President Donald Trump’s proposed tariffs on imported aluminum and steel could hit Apple, which is a big user of both, where it hurts.
And if it’s anything like other times that Apple has been slapped with increased import duties, that could translate to increased prices for customers.
Trump said on Thursday that the United States will impose tariffs of 25 percent on imported steel and 10 percent on aluminum for “a long period of time.” Already, some manufacturers who will be affected by the new import duty have urged the Trump Administration not to follow through with it. Apple has yet to comment.
Exactly how the import duties will be implemented hasn’t yet been made clear, and some pundits have argued it will not affect its pricing greatly. As analyst Gene Munster points out, if the levies are applied only to raw materials imported to the U.S. the effects will be minuscule because Apple does very little manufacturing in the U.S. (Although that could change in the future!). However, if it includes finished goods it could mean that the cost of Macs and iPhones could rise by as much as 0.2 percent in the United States.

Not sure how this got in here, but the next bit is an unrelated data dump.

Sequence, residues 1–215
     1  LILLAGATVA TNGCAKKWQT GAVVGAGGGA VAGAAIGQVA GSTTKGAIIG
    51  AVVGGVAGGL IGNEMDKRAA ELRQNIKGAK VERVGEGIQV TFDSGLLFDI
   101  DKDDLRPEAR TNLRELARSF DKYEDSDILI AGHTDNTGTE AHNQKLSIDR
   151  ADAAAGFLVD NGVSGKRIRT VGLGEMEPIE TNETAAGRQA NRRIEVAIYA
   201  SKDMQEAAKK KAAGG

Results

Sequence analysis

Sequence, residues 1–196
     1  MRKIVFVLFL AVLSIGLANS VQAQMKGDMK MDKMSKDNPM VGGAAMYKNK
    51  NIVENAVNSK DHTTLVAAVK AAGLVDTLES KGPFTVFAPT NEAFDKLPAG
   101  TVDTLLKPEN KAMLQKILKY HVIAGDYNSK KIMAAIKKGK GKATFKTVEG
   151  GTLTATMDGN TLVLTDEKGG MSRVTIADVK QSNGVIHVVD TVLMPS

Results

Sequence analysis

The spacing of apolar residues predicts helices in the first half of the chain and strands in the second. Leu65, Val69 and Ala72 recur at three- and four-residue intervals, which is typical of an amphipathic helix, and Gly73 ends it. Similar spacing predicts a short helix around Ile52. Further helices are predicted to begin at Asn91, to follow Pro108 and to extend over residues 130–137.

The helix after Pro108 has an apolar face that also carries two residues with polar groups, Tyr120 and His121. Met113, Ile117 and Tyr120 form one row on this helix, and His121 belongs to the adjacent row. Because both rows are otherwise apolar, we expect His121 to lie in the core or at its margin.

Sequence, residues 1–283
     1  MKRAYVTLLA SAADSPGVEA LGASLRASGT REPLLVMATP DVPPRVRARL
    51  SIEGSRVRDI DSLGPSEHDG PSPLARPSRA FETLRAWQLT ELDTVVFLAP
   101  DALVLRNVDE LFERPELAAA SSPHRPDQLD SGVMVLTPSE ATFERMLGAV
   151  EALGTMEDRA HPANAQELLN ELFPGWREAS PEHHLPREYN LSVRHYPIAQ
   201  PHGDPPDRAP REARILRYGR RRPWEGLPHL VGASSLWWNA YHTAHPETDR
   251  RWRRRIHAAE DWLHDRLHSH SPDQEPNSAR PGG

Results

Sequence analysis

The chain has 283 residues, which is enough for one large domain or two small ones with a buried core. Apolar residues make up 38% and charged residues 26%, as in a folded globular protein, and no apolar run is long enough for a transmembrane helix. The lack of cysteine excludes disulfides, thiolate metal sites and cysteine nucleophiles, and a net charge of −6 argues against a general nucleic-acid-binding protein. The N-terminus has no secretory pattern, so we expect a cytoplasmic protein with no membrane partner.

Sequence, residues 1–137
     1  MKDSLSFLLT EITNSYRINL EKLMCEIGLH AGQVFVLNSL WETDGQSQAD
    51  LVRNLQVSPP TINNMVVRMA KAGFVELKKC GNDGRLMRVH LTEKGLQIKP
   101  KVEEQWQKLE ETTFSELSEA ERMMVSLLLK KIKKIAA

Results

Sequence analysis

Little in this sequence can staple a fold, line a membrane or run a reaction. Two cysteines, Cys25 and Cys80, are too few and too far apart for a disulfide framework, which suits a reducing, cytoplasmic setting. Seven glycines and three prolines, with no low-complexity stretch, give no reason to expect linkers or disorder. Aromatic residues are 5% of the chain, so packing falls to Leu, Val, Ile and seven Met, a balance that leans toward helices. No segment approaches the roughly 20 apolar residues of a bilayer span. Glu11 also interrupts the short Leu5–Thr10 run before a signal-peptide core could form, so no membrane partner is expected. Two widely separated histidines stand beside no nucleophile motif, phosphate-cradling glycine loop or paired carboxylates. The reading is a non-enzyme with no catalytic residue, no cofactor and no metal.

“I don’t see much of an increase in costs,” said Jun Zhang, an analyst at Rosenblatt Securities who follows Apple and other tech companies, told Bloomberg. “It’ll just increase the trade wars between the U.S. and China, but there won’t be much impact on the technology itself.”
Apple could potentially swallow any import duties itself, to keep costs the same for customers. Judging by how it’s behaved in the past, though, it is likely that these costs would be passed onto customers.